Ultimately, I learned that she did want to be in contact, but that I’d have to wait for her to file her own paperwork with the State and then have them release her contact information to me. (Adoption is a lesson in bureaucracy.) When I finally got her name/address, I Googled feverishly trying to find out details before…wanting more. I didn’t know where to start. I kind of froze.

But we ended up sending each other letters about a month later, and then after a few more letter exchanges we met in person over Christmas 2008. My adoptive parents came with me, and she brought her two sons (my half-brothers!), her sister, and her mother.

How did you feel when you met your birth mom? Did you share a lot of similarities?
It was surreal. There were a lot of tears from others but I didn’t cry at all, and I thought there was something wrong with me! But I think I just felt kind of overwhelmed. We were meeting, of all places, at a pizza parlor (due to locations and schedules, we couldn’t meet at one of our houses), so I think I also felt awkward having this very momentous occasion in a public restaurant. But it was a really fantastic day.

I loved hearing stories from her and catching her up on my life so far. Meeting her wasn’t like looking in a mirror or anything, although she is similarly social and gregarious, and I do think she gave me a lot of my independence. (One of the foster families, in their letter to my parents, said I was the most independent baby they’d ever had. At three months.) I haven’t gotten a strong sense of physical similarities yet – things like twirling our hair the same way – since she lives across the country and we’ve only met in person twice now. I hope we do though.

Did she address why she gave you up for adoption?
She had gotten pregnant in college, via a relationship that had ended by the time she found out. She wasn’t ready to raise a baby, and due to family circumstances at the time, her parents weren’t in a position to raise me either. They were all strong Catholics and other options weren’t on the table, so adoption it was!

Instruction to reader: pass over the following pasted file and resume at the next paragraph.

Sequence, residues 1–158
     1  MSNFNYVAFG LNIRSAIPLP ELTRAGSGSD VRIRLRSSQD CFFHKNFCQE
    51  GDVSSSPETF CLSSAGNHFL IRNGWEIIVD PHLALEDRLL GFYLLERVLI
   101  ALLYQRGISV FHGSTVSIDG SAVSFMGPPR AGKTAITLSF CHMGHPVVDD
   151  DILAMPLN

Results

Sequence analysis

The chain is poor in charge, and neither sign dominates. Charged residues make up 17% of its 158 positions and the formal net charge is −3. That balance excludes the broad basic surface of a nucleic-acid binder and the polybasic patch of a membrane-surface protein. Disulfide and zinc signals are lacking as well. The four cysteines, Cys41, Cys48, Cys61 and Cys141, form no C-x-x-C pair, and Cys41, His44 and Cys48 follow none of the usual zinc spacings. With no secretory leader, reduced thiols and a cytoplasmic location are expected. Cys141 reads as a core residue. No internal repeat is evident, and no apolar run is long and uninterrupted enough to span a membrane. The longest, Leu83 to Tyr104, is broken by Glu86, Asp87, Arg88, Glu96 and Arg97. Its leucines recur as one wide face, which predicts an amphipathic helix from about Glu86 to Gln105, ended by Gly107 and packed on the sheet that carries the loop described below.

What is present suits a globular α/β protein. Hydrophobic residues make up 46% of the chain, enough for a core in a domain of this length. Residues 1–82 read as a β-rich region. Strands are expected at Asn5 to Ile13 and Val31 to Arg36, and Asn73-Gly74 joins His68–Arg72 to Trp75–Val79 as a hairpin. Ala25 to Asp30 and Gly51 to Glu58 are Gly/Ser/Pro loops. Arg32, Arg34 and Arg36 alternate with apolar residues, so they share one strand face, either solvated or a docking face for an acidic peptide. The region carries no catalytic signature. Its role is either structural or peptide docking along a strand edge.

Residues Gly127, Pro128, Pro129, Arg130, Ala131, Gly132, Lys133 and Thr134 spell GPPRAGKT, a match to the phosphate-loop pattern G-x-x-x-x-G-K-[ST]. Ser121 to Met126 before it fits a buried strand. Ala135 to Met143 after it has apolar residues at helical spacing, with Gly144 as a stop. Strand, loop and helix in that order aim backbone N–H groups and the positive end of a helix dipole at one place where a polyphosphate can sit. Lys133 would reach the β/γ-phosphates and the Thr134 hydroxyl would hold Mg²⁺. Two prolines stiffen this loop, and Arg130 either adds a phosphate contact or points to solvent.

However, I understand my birth father was not very involved in the process, and he couldn’t even be found to sign the paperwork to release his rights to me. So I’m not as inclined to undertake the birth father search right now, although maybe someday I’ll be interested.

Did you feel that meeting her brought any closure to your life? Did it affect your relationship with your birth parents at all?
It’s been more of an opening than a closure, I think. I feel like it’s been an incredible life bonus. I have a new relationship that is slowly growing with my birth mother, and this past Christmas I also met another of her brothers and his family. And I still have like twenty more family members to meet! She has a huge family!

As for how it’s affected my relationship with my adoptive parents, I think it’s brought us closer. It’s made me realize that parents aren’t necessarily who genetically made you. It’s who brought you chicken soup when you were sick and held your head when you were sobbing over a boy and who cheered at your high school and college graduations. I love knowing my birth mother, but my adoptive parents are my parents, and this process has only made that more clear.

What advice would you give to others who are looking to meet their birth parents?
I tried to prepare myself for a lot of scenarios before I made contact – that my birth mom hadn’t told her current family about me, that she was of vastly different economic/education/social circumstances, that she was not a pleasant person, that she wouldn’t want me in her life even if/when I found her. Doing that made me feel ready for anything, so I wouldn’t go off the rails if things didn’t work out.

To every extent possible, make sure that you are emotionally stable with your current family and friends so that if things don’t work out like you’d hoped, you have a support system ready. And I also think it’s important not to look at finding birth parents as a panacea to whatever discomfort or angst you’ve felt, either about being adopted or in general. The process can certainly provide answers, and in the best scenarios you gain a whole extra family that’s been waiting to find you, but I think a lot of the people have their hearts broken because of unrealistic expectations.